Below there’s a link for the bus routes and schedules, to figure where and when to catch them. The Sanctuary is also recheable by car
The Basilica sits directly on top of the staircase. Behind it there’s a beautiful, relaxed, stroll-inviting green area. Sometimes, beneath the trees, it’s possible to get a glimpse of the Sanctuary watching over the city. The whole set is amazing and I’ll risk saying that this is one of the most beautiful places in Portugal.
A treat for those visiting by car. There’s a road behind the Sanctuary where, by some kind of optical illusion (or black magic, or whatever), the apparently descending slope is actually ascending. So, drivers line up one at a time to stop at the road, locking in neutral and release the breaks to experience their car going up the downhill road all by itself, or by the grace of the Holy Spirit. Here are the coordinates to the place, you’ll know you’re there when you see a line of cars with 4 blinkers waiting their turn for the ride.
To top off this day, nothing like watching the sunset at Sameiro, yet another Basilica, even higher than Bom Jesus’. This counts as a bonus though, because without a car your only option to reach it is the 88 bus, which is not very regular. You can take too long going up and back down, ending up having a conflicted schedule. But it’s up to you to decide, considering that a sunset up there is really something.
Then, time to gear up and return to Porto.
I’ve added some photos of my trip which you can check here (as soon as they’re uploaded):
So a day trip to Braga from Porto is very easy to do. Often TA members on this forum ask whether it’s doable to visit Braga and Guimarães in a day. Impossible without a car, but if you rent one it’s doable allright. However, even if you only visit the highlights in each, you’d have a terribly rushed day, moving constantly without even having time to absorb what you’ve just seen or visited. Of course everyone has their own way to plan their trip, and some people do not mind doing a more superficial tour in order to visit more places, but as for me, I’d advise to spend a day in each, and if this is impossible, choose one over the other.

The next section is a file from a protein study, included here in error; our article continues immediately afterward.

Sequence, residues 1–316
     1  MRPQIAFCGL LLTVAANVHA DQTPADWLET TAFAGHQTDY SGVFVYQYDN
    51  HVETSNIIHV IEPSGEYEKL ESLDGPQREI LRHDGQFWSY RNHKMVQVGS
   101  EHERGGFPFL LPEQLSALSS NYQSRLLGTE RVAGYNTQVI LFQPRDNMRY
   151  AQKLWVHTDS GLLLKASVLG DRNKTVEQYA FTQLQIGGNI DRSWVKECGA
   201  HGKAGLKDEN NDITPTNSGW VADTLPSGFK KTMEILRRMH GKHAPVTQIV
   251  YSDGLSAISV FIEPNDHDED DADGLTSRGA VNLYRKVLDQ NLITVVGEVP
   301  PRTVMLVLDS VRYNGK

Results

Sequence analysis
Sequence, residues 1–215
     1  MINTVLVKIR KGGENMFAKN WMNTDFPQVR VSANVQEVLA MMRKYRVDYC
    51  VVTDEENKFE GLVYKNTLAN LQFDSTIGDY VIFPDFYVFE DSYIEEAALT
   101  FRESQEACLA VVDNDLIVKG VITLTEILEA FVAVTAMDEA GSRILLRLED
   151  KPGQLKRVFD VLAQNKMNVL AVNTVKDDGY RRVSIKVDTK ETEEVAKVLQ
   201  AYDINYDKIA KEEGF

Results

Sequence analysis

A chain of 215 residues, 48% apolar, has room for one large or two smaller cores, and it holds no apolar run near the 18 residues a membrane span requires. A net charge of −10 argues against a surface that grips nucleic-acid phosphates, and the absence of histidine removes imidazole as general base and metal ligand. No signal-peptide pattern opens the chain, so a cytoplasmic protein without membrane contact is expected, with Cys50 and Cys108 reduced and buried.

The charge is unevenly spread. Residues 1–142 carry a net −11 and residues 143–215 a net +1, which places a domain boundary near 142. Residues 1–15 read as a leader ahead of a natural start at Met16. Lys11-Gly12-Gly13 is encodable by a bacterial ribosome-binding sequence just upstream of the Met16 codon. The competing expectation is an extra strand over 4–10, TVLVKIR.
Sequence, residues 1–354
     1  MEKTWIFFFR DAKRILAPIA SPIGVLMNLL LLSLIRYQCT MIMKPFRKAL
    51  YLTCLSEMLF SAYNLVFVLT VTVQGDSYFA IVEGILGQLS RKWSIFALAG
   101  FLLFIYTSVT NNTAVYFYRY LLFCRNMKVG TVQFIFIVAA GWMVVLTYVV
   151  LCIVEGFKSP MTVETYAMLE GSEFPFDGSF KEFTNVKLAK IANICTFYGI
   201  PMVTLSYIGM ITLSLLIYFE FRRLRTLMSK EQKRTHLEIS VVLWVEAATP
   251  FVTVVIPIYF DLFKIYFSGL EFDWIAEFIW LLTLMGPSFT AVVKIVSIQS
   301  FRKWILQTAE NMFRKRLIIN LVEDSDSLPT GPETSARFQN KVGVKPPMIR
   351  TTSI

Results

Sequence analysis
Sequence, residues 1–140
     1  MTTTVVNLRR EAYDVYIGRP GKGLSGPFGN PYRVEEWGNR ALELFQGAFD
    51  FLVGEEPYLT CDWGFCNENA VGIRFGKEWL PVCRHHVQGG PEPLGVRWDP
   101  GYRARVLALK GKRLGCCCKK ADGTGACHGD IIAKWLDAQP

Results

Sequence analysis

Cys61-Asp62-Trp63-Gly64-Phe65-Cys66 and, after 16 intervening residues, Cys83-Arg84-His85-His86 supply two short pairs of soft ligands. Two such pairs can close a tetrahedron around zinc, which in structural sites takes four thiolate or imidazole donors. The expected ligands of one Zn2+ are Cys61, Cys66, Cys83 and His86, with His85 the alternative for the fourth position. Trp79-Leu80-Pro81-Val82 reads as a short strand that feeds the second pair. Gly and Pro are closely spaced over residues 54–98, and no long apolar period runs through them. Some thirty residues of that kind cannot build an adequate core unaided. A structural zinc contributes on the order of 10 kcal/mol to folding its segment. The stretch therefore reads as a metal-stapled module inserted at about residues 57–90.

Funny how, whatever your location is in Portugal, when you move 50km to any direction, you end up on a completely different place, with different landscapes, food, wine, personalities, accents, etc. Funnier how despite these differences, we’re still the same people. We all speak Portuguese even though it sounds different. We all love wine, whether it’s Douro, Dão, Verde, Alentejo, etc. We all eat cod, despite cooking it differently. We’re all friendly even if some of us close their doors when they go out. We don’t have “countries within our country”, but rather a bunch of small regions who, whilst maintaining their undoubtedly Portuguese identity, add those little local twists that keep our people so differently equal.